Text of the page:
Oil spills are terrifyingly toxic to public health and marine life. Beaches are closed, and dead and injured birds and fish are already washing on shore. Marine mammals, plankton, fish eggs, and larvae are impacted too, as this toxic crude oil mixes with the ocean water, spreading both across the water surface and down into deeper water. As of 1:45 PM on October 5, only 4,700 gallons of the 126,000 spilled gallons had been recovered. Sadly this oil has also reached the sensitive and rare coastal wetlands at Talbert Marsh, a critical natural environment not only for wildlife habitat, but also for improving water quality by naturally filtering contaminants from water that flows through; however, this wetland cannot filter out oil pollution on such a scale.
(Photo by City of Huntington Beach)
Major oil spills keep happening because oil companies prioritize profits over the health of people and the environment. This is evidenced by the fact that the oil industry has continuously sought to skirt regulations and loosen up restrictions on oil extraction. The danger posed by the oil industry’s pattern of reckless behavior is augmented when you consider that much of the oil infrastructure in California is decades old and deteriorating. This is the second major pipeline leak in 6 years. The last one in 2015 was the Refugio oil spill that resulted in 142,000 gallons of oil damaging our coastline in Santa Barbara.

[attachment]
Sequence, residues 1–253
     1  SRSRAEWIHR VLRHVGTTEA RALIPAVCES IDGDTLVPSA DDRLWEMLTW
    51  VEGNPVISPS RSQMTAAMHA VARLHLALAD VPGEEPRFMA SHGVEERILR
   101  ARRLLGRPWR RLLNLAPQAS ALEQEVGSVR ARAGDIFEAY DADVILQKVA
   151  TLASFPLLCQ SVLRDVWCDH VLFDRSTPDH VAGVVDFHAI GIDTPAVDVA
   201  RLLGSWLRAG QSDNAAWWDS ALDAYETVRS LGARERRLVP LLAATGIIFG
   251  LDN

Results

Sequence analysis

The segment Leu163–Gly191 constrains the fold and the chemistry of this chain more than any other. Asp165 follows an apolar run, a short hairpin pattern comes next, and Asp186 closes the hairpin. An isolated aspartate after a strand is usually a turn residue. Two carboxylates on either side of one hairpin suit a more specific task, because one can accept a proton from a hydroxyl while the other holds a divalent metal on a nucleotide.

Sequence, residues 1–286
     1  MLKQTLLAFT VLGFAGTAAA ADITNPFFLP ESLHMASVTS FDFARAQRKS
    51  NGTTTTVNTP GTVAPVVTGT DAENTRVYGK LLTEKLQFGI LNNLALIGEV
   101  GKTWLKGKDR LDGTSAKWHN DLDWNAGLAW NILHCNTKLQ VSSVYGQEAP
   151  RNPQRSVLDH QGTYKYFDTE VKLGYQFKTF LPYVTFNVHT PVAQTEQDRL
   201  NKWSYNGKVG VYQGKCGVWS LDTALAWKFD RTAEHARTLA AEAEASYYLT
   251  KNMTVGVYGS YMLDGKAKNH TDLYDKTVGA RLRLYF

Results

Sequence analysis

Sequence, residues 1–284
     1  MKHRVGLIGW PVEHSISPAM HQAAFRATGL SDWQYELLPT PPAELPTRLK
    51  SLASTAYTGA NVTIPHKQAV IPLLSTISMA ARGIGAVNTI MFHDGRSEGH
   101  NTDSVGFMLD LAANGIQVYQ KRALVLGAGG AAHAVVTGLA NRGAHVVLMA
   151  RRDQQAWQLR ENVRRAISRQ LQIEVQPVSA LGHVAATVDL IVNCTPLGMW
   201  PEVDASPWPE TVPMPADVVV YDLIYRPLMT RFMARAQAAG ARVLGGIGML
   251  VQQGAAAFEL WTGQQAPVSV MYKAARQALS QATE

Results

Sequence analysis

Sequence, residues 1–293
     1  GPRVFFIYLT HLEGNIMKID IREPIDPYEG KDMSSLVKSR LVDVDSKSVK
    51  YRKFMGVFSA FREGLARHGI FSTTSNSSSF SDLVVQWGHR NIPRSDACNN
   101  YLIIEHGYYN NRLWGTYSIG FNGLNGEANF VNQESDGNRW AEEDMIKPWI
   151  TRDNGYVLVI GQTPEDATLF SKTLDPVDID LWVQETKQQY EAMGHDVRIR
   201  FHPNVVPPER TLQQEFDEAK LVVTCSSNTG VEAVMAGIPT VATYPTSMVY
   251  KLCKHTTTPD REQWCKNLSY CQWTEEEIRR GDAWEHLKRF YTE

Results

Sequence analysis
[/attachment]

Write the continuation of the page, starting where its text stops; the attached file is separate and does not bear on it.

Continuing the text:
Oil spills are part of a much larger pollution problem. The impacts of fossil fuels are felt at every stage, from extraction to disposal.
Major oil spills are disastrous, yet somewhat intermittent. But air pollution from fossil fuel extraction sites and oil refineries located on land have a harmful impact every single day for fenceline neighborhoods. Low-income communities and communities of color are exposed to disproportionate health and safety risks due to a history of abundant drilling within close proximity to where community members live, work, and go about daily life.
So, what does all this risky drilling get us? In the end we are left with products like gasoline, which contributes to the climate crisis when burned, or plastics that are used once (or not at all) and then thrown “away,” ultimately ending up right back here, polluting our neighborhoods and ocean.
WHAT WE DON’T KNOW
It is still unclear what caused the oil spill as well as exactly when it started and when it stopped. Divers are conducting an ongoing investigation, which will give us more information about what caused the rupture that led to thousands of barrels of oil spilling into the Pacific Ocean.